Plaintiff worked for Defendant (a car dealership which is alleged to be
located in Glen Mills, Pennsylvania) for nineteen years before his termination in
2014. Plaintiff alleges that since the death of his son in 2011, he has suffered from
a mental impairment that has substantially limited his ability to function.
According to Plaintiff, he was harassed and insulted by Defendant’s owners due
to his mental condition and the resultant requests for time off.
Plaintiff took a leave of absence from his job on April 4, 2014, pursuant to
the Family Medical Leave Act. Within days of commencing this leave, Plaintiff
was told “that he did not have a job to come back to.” In August 2014, Plaintiff
requested to return to work but was “summarily fired due to his fragile mental
condition in violation of the Americans [with] Disabilities Act.”
A court may grant a motion to dismiss an action under Rule 12(b)(6) if the complaint
“fail[s] to state a claim upon which relief can be granted.” Fed. R. Civ. P. 12(b)(6). A motion
under Rule 12(b)(6) is the appropriate procedure by which to contest a party’s timely exhaustion
of administrative remedies. Robinson v. Dalton, 107 F.3d 1018, 1022 (3d Cir. 1997). When
considering a Rule 12(b)(6) motion to dismiss, a court must “accept all of the complaint’s well2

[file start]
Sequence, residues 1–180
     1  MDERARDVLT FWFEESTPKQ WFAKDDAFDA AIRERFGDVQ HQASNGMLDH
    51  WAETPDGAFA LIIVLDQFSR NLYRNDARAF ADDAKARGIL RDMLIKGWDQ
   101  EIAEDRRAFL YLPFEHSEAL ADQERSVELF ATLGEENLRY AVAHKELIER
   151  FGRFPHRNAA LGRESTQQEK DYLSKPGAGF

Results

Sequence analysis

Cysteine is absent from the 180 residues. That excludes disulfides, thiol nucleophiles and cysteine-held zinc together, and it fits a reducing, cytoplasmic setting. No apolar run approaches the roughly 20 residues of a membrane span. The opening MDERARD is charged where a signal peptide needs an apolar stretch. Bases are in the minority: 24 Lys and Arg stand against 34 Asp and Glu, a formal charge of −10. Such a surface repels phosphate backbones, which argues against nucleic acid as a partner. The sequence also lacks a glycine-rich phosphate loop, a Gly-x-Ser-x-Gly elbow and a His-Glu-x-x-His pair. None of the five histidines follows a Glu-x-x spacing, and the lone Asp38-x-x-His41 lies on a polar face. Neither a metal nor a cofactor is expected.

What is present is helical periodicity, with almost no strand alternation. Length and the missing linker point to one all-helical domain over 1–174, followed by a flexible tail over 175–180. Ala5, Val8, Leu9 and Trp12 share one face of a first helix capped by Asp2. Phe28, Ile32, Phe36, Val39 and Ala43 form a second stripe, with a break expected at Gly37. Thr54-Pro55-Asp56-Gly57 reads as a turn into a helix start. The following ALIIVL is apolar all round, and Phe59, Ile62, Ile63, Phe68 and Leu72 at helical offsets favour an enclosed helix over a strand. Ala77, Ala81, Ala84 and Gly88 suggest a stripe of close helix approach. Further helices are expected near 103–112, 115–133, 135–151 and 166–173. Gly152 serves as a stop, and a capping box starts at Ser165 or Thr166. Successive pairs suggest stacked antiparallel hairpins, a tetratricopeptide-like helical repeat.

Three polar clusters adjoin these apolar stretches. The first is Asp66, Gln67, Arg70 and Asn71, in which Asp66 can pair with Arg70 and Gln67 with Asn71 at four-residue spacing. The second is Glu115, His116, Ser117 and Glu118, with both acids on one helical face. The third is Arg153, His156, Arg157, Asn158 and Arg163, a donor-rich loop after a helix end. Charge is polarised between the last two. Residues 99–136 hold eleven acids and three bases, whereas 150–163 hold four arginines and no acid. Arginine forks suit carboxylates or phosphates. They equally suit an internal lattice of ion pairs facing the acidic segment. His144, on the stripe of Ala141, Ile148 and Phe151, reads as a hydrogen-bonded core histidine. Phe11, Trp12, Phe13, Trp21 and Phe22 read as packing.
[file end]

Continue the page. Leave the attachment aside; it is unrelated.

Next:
pleaded facts as true, but may disregard any legal conclusions.” Fowler, 578 F.3d at 210-11.
The court must determine “whether the facts alleged in the complaint are sufficient to show that
the plaintiff has a ‘plausible claim for relief.’” Id. at 211 (quoting Ashcroft v. Iqbal, 556 U.S.
662, 679 (2009)). The complaint must do more than merely allege the plaintiff’s entitlement to
relief: it must “show such an entitlement with its facts.” Id. (citations omitted). Although the
court is generally limited in its review to the facts contained in the complaint, it “may also
consider matters of public record, orders, exhibits attached to the complaint and items appearing
in the record of the case.” Oshiver v. Levin, Fishbein, Sedran & Berman, 38 F.3d 1380, 1384 n.
2 (3d Cir. 1994); see also In re Burlington Coat Factory Sec. Litig., 114 F.3d 1410, 1426 (3d Cir.
At Count I of the amended complaint, Plaintiff asserts that he was unlawfully terminated
by Defendant because of his disability in violation of the ADA. As noted, Defendant moves to
dismiss this claim on the basis that Plaintiff has failed to allege facts sufficient to show that he
properly exhausted the claim with the Equal Employment Opportunity Commission (“EEOC”).